When my Mum was in her eighties, her mind was still good, but she couldn’t look after herself anymore.
I didn’t want to send her to a care home.
So I used to pay for carers to come and live with her and look after her at home.
Generally these were older ladies, they’d chat with Mum and help her out.
One of these was a very nice German lady.
I got talking to her and it turned out, when she was a teenager, she’d been in The Hitler Youth.
I was quite surprised and I asked her how she could support the Nazi party.
She said she didn’t, but at the time it didn’t seem much different to joining the Boy Scouts or Girl Guides.
I could understand this.
If there’d been a Churchill Youth, most of the children in England would have joined.
Then, if Germany had won the war, Churchill would have been painted as a war criminal, and support for him unthinkable.
The winners always write the rules.
So it isn’t so much a matter of being right or wrong, as it is winning or losing.
I feel the same way about the controversy over ‘scam’ advertising.
Over the years we’ve done several dozen anti Third World Debt films.
Plus posters and press ads.
Anywhere we could find the media.
Everyone from directors to photographers, editors to tea-ladies, working for free.
Studios, camera equipment, stock footage, even space in the media, all supplied for free.
Sometimes, where it wasn’t supplied for free, I paid.
Because there wasn’t a client.
The titles at the end of each ad just said: “Write to your MP”.
Now by all definitions, that was ‘scam’ advertising.
We entered those ads for awards schemes, and won silvers and golds.
This meant opinion-formers worldwide got to hear about the Third World Debt crisis.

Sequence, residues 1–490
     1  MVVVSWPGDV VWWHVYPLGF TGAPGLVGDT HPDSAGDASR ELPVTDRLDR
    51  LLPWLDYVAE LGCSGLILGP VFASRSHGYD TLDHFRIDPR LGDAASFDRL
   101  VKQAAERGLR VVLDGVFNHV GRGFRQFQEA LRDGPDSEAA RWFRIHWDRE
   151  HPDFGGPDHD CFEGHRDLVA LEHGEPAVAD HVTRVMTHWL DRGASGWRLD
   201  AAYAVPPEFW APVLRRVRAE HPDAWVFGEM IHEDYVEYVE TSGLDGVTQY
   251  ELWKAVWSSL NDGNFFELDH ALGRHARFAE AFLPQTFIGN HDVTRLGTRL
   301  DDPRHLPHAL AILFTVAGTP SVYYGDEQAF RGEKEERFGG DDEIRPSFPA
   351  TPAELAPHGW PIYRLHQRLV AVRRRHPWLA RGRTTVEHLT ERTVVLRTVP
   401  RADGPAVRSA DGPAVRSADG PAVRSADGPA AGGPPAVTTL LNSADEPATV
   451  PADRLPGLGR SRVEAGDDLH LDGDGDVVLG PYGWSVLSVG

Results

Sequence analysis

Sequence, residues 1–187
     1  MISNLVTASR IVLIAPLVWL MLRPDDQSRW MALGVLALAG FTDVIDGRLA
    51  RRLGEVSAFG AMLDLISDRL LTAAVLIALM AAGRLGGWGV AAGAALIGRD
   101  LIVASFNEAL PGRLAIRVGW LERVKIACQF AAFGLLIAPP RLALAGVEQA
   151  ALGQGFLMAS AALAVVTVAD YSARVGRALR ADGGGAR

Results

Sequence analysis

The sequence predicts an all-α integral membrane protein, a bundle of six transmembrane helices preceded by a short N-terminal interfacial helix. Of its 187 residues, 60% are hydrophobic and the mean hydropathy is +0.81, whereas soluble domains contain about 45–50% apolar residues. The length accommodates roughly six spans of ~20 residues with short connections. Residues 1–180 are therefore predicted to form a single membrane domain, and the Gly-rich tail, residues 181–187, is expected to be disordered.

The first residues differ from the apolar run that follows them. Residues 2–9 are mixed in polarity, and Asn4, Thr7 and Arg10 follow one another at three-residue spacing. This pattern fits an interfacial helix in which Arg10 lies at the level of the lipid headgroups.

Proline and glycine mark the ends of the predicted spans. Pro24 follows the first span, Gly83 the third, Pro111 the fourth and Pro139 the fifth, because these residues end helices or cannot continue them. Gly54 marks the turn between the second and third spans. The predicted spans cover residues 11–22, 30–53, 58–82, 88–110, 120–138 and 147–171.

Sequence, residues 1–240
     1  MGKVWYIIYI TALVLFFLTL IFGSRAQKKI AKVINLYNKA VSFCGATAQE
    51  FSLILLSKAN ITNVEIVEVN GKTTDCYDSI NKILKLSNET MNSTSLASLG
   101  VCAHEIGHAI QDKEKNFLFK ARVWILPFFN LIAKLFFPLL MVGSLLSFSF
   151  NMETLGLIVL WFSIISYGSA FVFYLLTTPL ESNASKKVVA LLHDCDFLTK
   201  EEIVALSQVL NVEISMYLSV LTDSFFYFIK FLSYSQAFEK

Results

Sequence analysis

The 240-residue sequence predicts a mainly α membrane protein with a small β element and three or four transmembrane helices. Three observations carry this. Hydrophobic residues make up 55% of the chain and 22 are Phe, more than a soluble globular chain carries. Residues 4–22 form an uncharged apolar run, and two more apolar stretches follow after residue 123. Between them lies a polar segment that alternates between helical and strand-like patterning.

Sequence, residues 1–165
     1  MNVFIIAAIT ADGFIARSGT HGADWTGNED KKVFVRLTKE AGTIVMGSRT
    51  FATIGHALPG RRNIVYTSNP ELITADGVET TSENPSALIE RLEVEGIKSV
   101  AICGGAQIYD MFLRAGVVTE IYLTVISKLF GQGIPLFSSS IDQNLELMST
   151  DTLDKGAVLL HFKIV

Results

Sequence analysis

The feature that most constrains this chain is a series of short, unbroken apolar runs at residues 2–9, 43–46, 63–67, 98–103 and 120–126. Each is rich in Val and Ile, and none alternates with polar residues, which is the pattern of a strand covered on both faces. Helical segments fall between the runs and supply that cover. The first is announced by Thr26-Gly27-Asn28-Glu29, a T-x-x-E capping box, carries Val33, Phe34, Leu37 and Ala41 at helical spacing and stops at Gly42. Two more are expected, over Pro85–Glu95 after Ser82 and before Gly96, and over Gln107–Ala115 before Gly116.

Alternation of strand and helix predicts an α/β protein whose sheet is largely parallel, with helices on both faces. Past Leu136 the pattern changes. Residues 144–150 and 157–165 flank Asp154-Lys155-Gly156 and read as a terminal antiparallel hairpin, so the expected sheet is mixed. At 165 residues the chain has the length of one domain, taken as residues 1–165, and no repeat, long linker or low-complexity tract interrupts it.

Between us, we helped get it on the radar.
Advertising used as a force for good: giving instead of just taking.
But it still qualifies as ‘scam’ advertising.
None of the charities would put their name to it, so we didn’t have a client.
If ‘scam’ advertising is inherently bad, was it bad that we did that?
Would it have been better to obey the rules about ‘scam’ advertising and ignore the Third World Debt crisis?
I don’t think so.
Even if we only saved a few lives, I think the end justifies the means.
Sure ‘scam’ advertising done for purely small, selfish, greedy motives is bad.
But then anything done for purely small, selfish, greedy motives is bad.
The rules are there as a guideline.
They’re not there to help us evade personal responsibility.
That was the defence used at the Nuremburg War Trials.
When the death camp guards said they couldn’t be blamed, because they were “just following orders”.
Consequently they said it wasn’t their fault.
They were just being good soldiers.
I don’t buy that argument.
I was always brought up to obey, “The spirit of the law. Not the letter of the law.”
In other words, do what you know is right.
Don’t just unthinkingly hide behind the rules.
So don’t blame scam advertising.
Blame the person.
And blame them for being stupid.
Because the rule still applies, that you can’t be in the wrong unless you get found out.
And if you get found out you’re stupid.